What He Did: Hart built his upper body with his trainer Ron “Boss” Everline. By 2016, he'd become muscular, cut, and conditioned enough to run marathons. Why He Did It: It’s not like Hart wasn’t fit when he first started as a stand-up comedian—but he was, as he said in his Men’s Fitness cover story, in “fake shape”: “I looked like I was in shape, but then you’d take off my shirt and it was like, ‘No, no, no.’” His Workout: The superstar comedian has been working hard in the gym with Everline to build his strength, and he's even partnered with Nike to help promote running. As detailed in his workout for Men’s Fitness, Hart keeps things simple, which means no Olympic lifts or fancy machines—he uses the bench press, pushups, rows, curls, and dips in his training. Plus: Hart showed off his action skills alongside Dwayne “The Rock” Johnson in Central Intelligence and he may want to continue in the genre moving forward: “What’s the Kevin Hart version of Mission Impossible? What’s my [James] Bond?” Kevin Says: “I don’t want to be the guy with the neck." But he’s ready to keep crushing it and that’s why he’s a 2016 Game Changer.
What He Did: Manganiello got totally ripped, bulking up and shedding fat. His abs alone deserve their own transformation article. Why He Did It: Manganiello was hardly scrawny when he starred as Sophia Bush's love interest Owen Morello on the CW's One Tree Hill, but he had always wanted to get big and muscular. It wasn’t until taking on the role as True Blood werewolf Alcide that he took fitness really seriously, and the results speak for themselves. What He Ate: Severely restricted his calorie intake, eating oatmeal, chicken, green beans, almonds, protein bars, apples and fish. See a full breakdown of his diet. His Workout: Manganiello worked out his chest and legs on Monday and Thursday, shoulders and biceps on Tuesday and Friday, and back and triceps on Wednesday and Saturday, and did 45 minutes of cardio every day before breakfast. Joe Says: "I had a friend of mine call me and tell me that it was a girl’s birthday in his office and they got her a cake with my picture on it. A year ago I wasn’t on anybody’s cake. It makes me feel really good, and it makes me want to work even harder from a fitness standpoint.” Difficulty Level: 7
What He Did: Paul Rudd centered his life around health and fitness. He told Peoplethat he never "exercised harder than this for an extended amount of time." Why He Did It: To get in shape for his upcoming role in the Marvel film, Ant-Man. What He Ate: He says he eliminated carbs and alcohol from his diet for an entire year. His Workout: Rudd's workouts were very intense and centered around "flips and rolls and all that kind of stuff," he told people. Paul Says: “I took the Chris Pratt approach to training for an action movie. Eliminate anything fun for a year and then you can play a hero.” Difficulty Level: 7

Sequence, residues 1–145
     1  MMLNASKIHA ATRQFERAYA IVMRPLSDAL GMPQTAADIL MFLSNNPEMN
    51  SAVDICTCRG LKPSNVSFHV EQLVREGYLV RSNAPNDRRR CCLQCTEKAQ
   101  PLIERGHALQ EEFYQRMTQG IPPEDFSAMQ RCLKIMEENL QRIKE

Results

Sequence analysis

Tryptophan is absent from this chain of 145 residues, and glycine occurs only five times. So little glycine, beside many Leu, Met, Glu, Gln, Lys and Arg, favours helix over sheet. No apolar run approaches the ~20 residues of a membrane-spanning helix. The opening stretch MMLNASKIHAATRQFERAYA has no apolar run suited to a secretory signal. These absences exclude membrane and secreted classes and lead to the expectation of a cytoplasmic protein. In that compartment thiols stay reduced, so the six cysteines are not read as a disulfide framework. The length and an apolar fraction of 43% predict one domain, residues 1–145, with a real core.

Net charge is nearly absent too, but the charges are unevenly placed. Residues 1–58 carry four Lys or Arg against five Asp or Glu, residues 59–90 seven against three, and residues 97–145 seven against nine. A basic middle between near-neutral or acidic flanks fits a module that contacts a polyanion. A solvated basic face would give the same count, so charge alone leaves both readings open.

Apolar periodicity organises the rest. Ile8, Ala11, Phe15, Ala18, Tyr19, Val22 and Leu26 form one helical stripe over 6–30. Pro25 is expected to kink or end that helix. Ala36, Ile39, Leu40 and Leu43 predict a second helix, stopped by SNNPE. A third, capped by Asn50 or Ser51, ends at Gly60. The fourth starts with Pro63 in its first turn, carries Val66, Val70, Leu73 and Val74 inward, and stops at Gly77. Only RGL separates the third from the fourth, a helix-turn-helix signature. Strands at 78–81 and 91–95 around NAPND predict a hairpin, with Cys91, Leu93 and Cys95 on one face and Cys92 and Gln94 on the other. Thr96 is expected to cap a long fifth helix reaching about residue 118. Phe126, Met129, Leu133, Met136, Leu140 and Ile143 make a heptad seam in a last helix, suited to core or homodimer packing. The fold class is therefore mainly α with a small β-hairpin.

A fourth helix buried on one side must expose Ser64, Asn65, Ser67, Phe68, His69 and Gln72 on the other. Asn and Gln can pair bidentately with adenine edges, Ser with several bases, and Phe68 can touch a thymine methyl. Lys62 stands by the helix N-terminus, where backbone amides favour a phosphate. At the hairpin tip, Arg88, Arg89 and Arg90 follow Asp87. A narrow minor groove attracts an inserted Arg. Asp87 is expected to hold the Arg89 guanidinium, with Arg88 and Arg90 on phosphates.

Celebrities seem to have it all, but one thing money can’t necessarily buy them is a sick (or sickly) bod—for that, they have to work out and eat right, just like us... even if they do get lots of help from personal trainers and chefs. Whether it be for an Oscar-worthy movie role, to fight obesity or to battle diabetes, these stars got serious about their shape with extreme diet and fitness. Here’s how they got those famous bodies.
What He Did: Gyllenhaal gained 30 pounds and 15 pounds of muscle. Why He Did It: To look and play the role of a world-champion boxer in the film Southpaw. What He Ate: Fortunately, he didn’t have to go on a strict diet since he was working out like a beast. He simply ate carbs during the day and protein at night. His Workout: At the beginning, Gyllenhaal worked out 3 hours a day. According to Yahoo, “After two months, the workouts got pushed to six hours a day: Three hours of boxing in the morning and three hours of strengthening, conditioning, and cardio at night.” Plus: According to the film’s director, he was spending so much time in the gym and was so committed to the role that his relationship with Alyssa Miller ended. Jake Says: "The amount of time you have to put into it, the sacrifice that you put into your body, it's not something that you're eager to do again. It's a huge commitment." Difficulty Level: 8
What He Did: Lost 30 pounds in six weeks, going from 160 to 130 pounds for one movie, and packed on 25 pounds of muscle for another. Why He Did It: Before 2002's The Pianist he was told to “lose as much weight as you possibly can.” It paid off when he became the youngest actor to ever win a Best Actor Oscar for the role. Eight years later, he did the opposite when he gained 25 pounds of muscle to play Royce in Predators. What He Ate: Always a professional, Brody ate almost nothing to ditch the weight from his already slight frame for The Pianist, and didn't take his action role any less seriously—he cut out all alcohol and sugar. His Workout: To bulk up to play a mercenary in the alien action flick, Brody says he started lifting heavy weights again for the first time since college. He adhered to a strict six days a week workout schedule, and even slept in the jungle to get into the role. Plus: For The Pianist, he also gave up his cell phone, sold his car and, after secluding himself in an apartment to learn to play the piano, watched his long-term relationship crumble. For Predators he gave up sex. Adrien Says: "I was destroyed, fully destroyed.” Difficulty Level: 8